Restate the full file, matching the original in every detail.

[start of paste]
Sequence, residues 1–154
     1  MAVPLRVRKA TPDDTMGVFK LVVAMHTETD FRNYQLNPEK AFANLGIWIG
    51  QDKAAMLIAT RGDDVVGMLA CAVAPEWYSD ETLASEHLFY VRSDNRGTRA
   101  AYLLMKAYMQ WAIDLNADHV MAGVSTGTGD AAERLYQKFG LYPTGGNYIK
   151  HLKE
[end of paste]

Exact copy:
Sequence, residues 1–154
     1  MAVPLRVRKA TPDDTMGVFK LVVAMHTETD FRNYQLNPEK AFANLGIWIG
    51  QDKAAMLIAT RGDDVVGMLA CAVAPEWYSD ETLASEHLFY VRSDNRGTRA
   101  AYLLMKAYMQ WAIDLNADHV MAGVSTGTGD AAERLYQKFG LYPTGGNYIK
   151  HLKE